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for skinheads, teds, mods and old school stylish offenders in general

italiaskin

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Hi everyone, today I just remembered reading somewhere that teds and later mods stitched knives or straight razors under their lapels (though i've never figured out how they actually stiched them and wich kind of knive) to be always ready for action, and the fact that it is illegal adds a sort of criminal-stylish charm to it (at least for me). If some of you know more about this subject or can tell me some stories about it would be great. And it would be interesting if you could tell me if there were other kind of habits similar to this one that involved style and weapons.
Sorry for my awful english.
 

iroh

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i heard they invented guns now
 

Harold falcon

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Kill it with fire.
 

Dean 500

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Safety razors, the kind with the hole in the centre, were stitched on to the back of the lapels where they could not be seen. If someone wanted to start a fight with you they might confront you by grabbing you by the lapels, and cutting their fingers open. This was done by Teds, who wanted to be tough and fight, not by Mods, who wanted to be cool and dance.

That's the myth, I have no idea if it was ever done, except maybe in a movie.
 

pebblegrain

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I used to put a jalapeno pepper under my nutsack. When someone would try to suck my cawk they would get a rude surprise. Teach those gays a lesson.
 

italiaskin

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Yeah very funny and sarcastic and O.T.! But getting back to the topic:
French skinheads during 80s wore a belt called "triplex, it was basically a three-row motorcycle primary chain with a buckle, they would wear it outside the jean's loops for a quick draw and if they got into truoble it became a 2kg stainless steel whip, I would definitely not like to be hit in the face with this thing:

 

Desi

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a very cool topic actually. Sadly I do not have anything to add.
 

CharlieAngel

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I keep my multiplication tables memorized up to 12. that way when I'm confronted by thugs I can confound them with math.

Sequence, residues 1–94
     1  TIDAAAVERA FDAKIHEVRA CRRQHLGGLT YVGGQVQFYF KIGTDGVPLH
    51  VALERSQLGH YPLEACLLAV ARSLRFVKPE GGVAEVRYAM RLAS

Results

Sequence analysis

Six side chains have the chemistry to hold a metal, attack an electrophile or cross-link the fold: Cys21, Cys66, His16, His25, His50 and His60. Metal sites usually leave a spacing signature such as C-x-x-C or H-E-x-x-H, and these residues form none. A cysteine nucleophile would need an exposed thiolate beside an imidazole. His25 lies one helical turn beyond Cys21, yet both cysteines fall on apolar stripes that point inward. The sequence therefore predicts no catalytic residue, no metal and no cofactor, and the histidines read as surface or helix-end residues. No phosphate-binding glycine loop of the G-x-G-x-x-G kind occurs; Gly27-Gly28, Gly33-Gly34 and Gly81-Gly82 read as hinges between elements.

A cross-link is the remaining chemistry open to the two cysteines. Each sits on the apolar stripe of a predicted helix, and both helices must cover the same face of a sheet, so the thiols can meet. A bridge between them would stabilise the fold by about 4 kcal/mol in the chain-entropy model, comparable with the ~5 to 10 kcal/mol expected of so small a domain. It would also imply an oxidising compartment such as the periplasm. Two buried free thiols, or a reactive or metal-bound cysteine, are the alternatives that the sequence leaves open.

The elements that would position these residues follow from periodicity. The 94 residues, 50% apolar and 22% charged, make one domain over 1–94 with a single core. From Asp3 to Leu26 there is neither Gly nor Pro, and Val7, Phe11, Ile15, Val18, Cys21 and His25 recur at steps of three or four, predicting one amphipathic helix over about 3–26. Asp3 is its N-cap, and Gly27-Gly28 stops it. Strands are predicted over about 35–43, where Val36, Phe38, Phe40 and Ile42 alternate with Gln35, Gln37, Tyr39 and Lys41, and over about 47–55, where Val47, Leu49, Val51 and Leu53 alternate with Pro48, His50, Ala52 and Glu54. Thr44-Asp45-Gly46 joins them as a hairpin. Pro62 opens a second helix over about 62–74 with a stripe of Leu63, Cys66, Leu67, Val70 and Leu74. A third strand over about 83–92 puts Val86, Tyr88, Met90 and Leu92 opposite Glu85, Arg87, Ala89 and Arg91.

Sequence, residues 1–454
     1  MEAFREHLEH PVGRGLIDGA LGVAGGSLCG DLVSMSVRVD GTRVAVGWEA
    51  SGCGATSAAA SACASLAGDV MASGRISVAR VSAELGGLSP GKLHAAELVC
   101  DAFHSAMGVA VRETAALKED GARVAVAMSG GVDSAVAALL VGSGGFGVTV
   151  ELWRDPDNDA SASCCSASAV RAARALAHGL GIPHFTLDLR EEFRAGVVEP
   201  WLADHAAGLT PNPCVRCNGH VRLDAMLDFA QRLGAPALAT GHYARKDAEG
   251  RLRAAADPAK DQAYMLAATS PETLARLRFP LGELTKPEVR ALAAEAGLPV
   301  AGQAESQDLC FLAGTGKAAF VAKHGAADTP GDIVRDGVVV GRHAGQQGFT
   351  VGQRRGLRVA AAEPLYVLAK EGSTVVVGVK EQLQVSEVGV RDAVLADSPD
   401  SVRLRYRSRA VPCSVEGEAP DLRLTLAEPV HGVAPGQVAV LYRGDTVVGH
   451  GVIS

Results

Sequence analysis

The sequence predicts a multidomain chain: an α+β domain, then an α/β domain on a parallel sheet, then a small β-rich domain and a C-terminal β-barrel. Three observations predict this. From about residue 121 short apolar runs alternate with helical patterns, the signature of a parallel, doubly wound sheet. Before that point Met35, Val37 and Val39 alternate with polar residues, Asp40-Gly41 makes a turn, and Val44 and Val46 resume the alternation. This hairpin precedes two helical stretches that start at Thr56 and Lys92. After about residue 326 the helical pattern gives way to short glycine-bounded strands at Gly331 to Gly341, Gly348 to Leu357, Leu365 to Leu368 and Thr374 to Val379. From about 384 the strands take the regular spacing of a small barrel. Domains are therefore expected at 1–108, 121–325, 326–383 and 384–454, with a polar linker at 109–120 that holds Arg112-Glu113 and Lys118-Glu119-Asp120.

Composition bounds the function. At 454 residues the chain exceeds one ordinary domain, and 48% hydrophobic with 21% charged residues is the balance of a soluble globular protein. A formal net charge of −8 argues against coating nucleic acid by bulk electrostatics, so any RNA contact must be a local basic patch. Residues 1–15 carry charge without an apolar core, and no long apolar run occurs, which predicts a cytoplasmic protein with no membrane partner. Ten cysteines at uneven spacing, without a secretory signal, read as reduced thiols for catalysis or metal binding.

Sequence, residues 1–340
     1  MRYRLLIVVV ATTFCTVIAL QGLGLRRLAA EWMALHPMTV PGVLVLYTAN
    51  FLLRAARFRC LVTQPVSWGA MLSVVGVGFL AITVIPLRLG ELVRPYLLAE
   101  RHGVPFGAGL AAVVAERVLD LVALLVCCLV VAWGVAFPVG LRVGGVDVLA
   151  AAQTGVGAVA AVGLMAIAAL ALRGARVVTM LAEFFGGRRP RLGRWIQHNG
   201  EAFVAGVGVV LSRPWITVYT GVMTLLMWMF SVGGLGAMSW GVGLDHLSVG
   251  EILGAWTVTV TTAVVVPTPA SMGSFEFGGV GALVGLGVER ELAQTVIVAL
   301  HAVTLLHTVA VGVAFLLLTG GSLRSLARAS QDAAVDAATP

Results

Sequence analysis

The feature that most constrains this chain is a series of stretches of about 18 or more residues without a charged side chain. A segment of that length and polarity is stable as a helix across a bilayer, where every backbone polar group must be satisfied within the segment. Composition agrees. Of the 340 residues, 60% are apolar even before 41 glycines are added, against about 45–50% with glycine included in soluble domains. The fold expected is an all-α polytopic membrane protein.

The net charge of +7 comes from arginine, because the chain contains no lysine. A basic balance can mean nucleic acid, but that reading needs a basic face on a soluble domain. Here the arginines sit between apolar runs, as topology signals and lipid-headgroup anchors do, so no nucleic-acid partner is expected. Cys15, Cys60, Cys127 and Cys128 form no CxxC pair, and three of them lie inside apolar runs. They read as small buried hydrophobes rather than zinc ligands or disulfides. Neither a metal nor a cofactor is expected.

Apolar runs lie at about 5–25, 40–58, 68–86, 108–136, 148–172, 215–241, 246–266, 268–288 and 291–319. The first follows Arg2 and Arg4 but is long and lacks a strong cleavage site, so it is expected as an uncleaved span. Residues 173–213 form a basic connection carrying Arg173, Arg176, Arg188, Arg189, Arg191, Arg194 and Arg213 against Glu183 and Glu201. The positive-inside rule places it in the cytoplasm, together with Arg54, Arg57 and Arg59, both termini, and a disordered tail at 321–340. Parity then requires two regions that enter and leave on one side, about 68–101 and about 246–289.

italiaskin

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Guys, if you don't like this topic just don't post a reply, love it or leave it.
Here's another one, from Wikipedia:
A swordstick or cane-sword is a cane incorporating a concealed blade. The term is typically used to describe European weapons from around the 18th century, but similar devices have been used throughout history, notably the Japanese shikomizue and the Ancient Roman dolon.

The swordstick was a popular fashion accessory for the wealthy during the 18th and nineteenth centuries. While the weapon's origins are unknown, it is apparent that the cane-sword's popularity peaked when decorative swords were steadily being replaced by canes as a result of the rising popularity of firearms, and the lessening influence of swords and other small arms.
Soon after their introduction, other "gadget canes" became popular, holding the tools of one's trade rather than a blade, compasses, and even flasks for keeping alcohol.

Malacca wood was the most commonly used material in making the cane shafts,[citation needed] and the standard grip was rounded and metallic. Today, designer and collector canes have sterling silver handles, and are made with wooden shafts made from various woods, including Malacca and bamboo. Ornate designs, such as animal heads, skulls, and various emblems may also be carved into the wooden handles; these may make them harder to wield, but some find them more attractive. Sword canes are most often made with stainless steel, rapier-pointed blades. While various mechanisms exist to lock the blade in place, accidents have been known to happen regularly with the simple push-to-release mechanism. Twist-lock mechanisms work well, as do double-locking mechanisms.

Recommended reading:
http://www.antiquewalkingcane.com/sword-antique-walking-canes/antique-sword-walking-canes-a-fashion-statement-and-self-defense-weapon-for-a-victorian-gentleman

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